This post was written by Danielle Siegel, our new AVODAH. Stay tuned for most posts from her for the coming year!
Today is a testament that there are many manifestations of home.
I am a native Californian. I moved to New York City three weeks ago. I began working with UHAB six days ago. And today is my first day being in New York City on 9/11.
UHAB is located within three blocks of the Wall Street subway stop. As you exit the train, a boldfaced sign reads, “9/11 Memorial.” Today, as I disembarked from the train, that sign ignited my memory. I recalled my whereabouts eleven years ago.
I was elevens years old, and woke up to the shrill of my parents as they attentively watched the morning news. We sat before the television in disbelief, unwilling to accept that the unimaginable had occurred. My memory also illustrated my school as a space of silence—as usual, students occupied the hallways, cafeteria, and locker rooms that day, but they all operated in silence. Even three thousand miles away from the collapsed towers, the tragedy was palpable.
But nothing is like being in New York on 9/11. Walking to my office, I imagined Wall Street on that day. I pictured thousands of people running down the street, paralyzed with trepidation and grief. I pictured debris and ashes dancing through the street. And, like my school, I pictured silence, but one that demands stillness.
And today, as I proceed down Wall Street, I feel that silence and stillness among the taxis, street vendors, and business folk. Taxi drivers seem more patient. Street vendors seem more engaging. Business folk seem more considerate. By no means has New York stopped or lost its essence today, but there is a pause in the air– an acknowledgment of 9/11’s tragedy and appreciation for the witnesses that continue to utter its memory.
Today, New York feels more like a community, standing in solidarity not only as survivors of the physical violence of the attacks, but the trauma that subsequently followed. Undoubtedly, that solidarity springs from a common narrative. The uniqueness of being in New York on 9/11 speaks to the threatening of a collective space that we call home. To New Yorkers, the concrete space where the Twin Towers once stood is home; these are the spaces that we spend the majority of our days, indulging in meals, formulating new relationships, enhancing our minds. To threaten our home is to threaten our livelihood. And that, in part, is why we feel the emotional intensity of 9/11.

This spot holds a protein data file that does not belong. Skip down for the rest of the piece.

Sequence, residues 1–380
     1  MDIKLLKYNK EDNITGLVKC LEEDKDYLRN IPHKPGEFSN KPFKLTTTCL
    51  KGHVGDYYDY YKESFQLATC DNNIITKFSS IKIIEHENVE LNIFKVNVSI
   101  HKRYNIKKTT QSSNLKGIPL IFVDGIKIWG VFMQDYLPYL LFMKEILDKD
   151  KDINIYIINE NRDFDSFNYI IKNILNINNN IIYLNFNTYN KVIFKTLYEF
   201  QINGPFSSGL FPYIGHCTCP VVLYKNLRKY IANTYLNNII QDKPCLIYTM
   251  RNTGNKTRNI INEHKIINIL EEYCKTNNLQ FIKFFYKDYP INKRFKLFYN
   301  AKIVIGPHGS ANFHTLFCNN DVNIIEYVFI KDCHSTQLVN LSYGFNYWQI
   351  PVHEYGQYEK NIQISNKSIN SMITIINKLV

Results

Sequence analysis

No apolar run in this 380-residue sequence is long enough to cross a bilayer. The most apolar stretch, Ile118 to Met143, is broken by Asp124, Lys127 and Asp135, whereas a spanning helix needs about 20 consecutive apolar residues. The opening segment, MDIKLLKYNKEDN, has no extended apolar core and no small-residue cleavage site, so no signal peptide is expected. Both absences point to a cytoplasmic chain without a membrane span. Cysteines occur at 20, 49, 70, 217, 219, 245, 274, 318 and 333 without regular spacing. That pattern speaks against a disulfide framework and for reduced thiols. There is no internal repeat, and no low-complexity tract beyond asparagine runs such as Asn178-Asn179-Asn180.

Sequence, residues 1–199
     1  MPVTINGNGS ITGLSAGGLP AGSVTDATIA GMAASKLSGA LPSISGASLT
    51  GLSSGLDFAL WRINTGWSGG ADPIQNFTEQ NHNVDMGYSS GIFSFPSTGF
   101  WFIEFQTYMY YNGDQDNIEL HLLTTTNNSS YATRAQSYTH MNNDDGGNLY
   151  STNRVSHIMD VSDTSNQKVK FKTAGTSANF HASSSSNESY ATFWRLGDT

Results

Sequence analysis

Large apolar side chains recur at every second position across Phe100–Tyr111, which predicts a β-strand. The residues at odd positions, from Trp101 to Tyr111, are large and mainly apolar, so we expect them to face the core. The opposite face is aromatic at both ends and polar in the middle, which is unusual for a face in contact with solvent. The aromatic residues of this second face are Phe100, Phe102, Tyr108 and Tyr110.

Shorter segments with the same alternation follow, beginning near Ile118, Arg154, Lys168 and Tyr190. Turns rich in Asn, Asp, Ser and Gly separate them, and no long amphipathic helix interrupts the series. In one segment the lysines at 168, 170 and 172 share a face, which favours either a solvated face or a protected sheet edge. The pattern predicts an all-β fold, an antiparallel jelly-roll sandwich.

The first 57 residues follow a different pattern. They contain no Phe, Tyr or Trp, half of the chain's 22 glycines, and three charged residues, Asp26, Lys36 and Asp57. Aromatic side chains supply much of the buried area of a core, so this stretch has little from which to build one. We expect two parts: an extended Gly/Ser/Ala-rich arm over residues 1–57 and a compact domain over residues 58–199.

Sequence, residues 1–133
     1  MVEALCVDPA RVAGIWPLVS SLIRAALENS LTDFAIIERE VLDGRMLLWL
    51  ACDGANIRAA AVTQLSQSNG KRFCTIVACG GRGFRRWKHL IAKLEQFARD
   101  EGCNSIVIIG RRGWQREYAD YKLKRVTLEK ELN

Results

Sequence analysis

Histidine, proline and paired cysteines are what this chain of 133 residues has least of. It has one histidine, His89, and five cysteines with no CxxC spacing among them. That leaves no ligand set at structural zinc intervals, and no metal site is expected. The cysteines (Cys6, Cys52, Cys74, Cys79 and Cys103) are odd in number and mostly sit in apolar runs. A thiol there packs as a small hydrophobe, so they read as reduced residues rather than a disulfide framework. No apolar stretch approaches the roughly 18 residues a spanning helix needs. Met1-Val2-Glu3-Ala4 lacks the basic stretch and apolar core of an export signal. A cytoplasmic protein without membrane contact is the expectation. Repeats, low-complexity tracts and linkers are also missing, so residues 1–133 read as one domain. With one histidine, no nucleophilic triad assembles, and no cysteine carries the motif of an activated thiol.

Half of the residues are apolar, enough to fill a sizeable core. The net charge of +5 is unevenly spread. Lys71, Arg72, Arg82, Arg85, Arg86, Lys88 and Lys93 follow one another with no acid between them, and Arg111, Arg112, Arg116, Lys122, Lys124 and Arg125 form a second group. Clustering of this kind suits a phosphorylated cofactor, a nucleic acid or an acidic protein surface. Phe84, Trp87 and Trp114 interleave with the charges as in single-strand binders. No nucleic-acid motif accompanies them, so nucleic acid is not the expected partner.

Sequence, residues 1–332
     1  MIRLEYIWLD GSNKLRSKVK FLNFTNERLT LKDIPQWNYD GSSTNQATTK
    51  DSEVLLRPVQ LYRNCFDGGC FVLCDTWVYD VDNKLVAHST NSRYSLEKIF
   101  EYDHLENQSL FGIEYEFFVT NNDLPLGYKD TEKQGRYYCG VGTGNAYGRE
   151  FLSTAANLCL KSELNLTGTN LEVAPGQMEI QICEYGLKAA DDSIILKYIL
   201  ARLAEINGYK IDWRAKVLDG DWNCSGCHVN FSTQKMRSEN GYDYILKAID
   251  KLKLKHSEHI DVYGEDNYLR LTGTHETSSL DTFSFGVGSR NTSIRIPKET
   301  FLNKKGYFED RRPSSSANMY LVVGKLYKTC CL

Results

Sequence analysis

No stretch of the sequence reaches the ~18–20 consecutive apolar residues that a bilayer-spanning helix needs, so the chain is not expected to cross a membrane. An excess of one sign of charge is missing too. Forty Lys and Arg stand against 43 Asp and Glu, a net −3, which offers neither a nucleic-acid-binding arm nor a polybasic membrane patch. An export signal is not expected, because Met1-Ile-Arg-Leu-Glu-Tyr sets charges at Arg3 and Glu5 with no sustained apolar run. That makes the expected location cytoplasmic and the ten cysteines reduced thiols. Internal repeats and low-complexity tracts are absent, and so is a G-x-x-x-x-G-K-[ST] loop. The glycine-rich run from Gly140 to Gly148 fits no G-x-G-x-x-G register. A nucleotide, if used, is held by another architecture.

The solidarity brought about by 9/11 works in conversation with the work I am now engaging with at UHAB—supporting tenants’ right to affordable and quality housing. As I glance into the coming year, I recognize the importance of a space that we each call home—one that connects us to ourselves and constructs the fabric of our daily lives. Without access to these spaces, our foundations and emotional stability suffer. However, this is where tenants, like New Yorkers that have lived through 9/11, inspire me– regardless of the injustices they have encountered, they are still willing to wage the battle and continue fighting. As I begin to witness the perseverance of tenants, I feel honored to engage in the battle for stabilized housing.
As the workday comes to a close and our experiences of 9/11 fall back into the backdrop of our minds, I encourage y’all to acknowledge the many manifestations of home as well as the importance of honoring and preserving those spaces.
This post is in honor of the victims and survivors of 9/11.